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Teyana Taylor stars in a movie about motherhood and life in a changing New York City


At the beginning of the new movie "A Thousand And One," we meet Inez, a young woman who's recently out of prison living in Harlem in the 1990s.


UNIDENTIFIED ACTOR: (As character) Is that Inez?

SUMMERS: Inez has a young son, Terry, who's in foster care and about to be moved to a different home.


TEYANA TAYLOR: (As Inez de la Paz) Save my beeper number just in case till I find you. OK?


TAYLOR: (As Inez de la Paz) I don't know yet.

ADETOLA: (As Terry) Why you keep leaving me?

SUMMERS: Terry's question prompts Inez to make an impulsive decision, one that will change the course of her and Terry's lives.


TAYLOR: (As Inez de la Paz) Would it make you feel better if you came and stayed with me?

ADETOLA: (As Terry) Yeah.

SUMMERS: She takes Terry and disappears into the chaos of the city.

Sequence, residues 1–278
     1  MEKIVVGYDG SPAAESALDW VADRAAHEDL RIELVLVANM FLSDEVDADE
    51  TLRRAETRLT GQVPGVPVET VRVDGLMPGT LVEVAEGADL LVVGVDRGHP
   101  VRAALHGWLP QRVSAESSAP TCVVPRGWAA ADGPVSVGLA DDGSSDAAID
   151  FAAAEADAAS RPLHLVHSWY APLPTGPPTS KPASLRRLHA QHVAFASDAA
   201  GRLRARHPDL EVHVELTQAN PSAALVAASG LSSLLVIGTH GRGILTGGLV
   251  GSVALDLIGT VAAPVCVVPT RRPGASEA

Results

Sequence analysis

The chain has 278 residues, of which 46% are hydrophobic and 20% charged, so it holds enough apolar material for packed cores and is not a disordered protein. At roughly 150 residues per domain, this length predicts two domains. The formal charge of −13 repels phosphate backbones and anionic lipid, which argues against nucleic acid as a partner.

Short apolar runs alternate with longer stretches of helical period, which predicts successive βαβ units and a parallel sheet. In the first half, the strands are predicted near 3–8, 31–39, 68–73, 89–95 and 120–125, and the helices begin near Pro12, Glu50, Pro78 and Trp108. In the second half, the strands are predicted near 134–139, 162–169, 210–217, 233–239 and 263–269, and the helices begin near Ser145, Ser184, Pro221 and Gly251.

TAYLOR: Inez started out as really young, motivated, ambitious but also, like, a little tiny bit immature, you know, in motherhood and just, like, kind of trying to figure out this thing called life, you know, and trying to figure out how to care for a child.

SUMMERS: That's Teyana Taylor, who plays Inez. The movie follows Inez and young Terry over more than a decade as they make a home and a life for themselves in a changing New York City, dealing with a crumbling apartment, gentrification, racial profiling and policing. When I spoke with Teyana Taylor the other day, I started with a promise that Inez makes to Terry. I'll go to war for you.


TAYLOR: (As Inez de la Paz) They can try all they want, but they're not breaking us up this time. You want to find a new home?

ADETOLA: (As Terry) Yes.

TAYLOR: (As Inez de la Paz) But I need to know we're in this thing together. Tell me.

ADETOLA: (As Terry) We're in this together.

TAYLOR: (As Inez de la Paz) Tell me.

ADETOLA: (As Terry) We're in this together.

SUMMERS: It felt like to me when I was watching that that, like, she really just needed to hear him say it to affirm herself.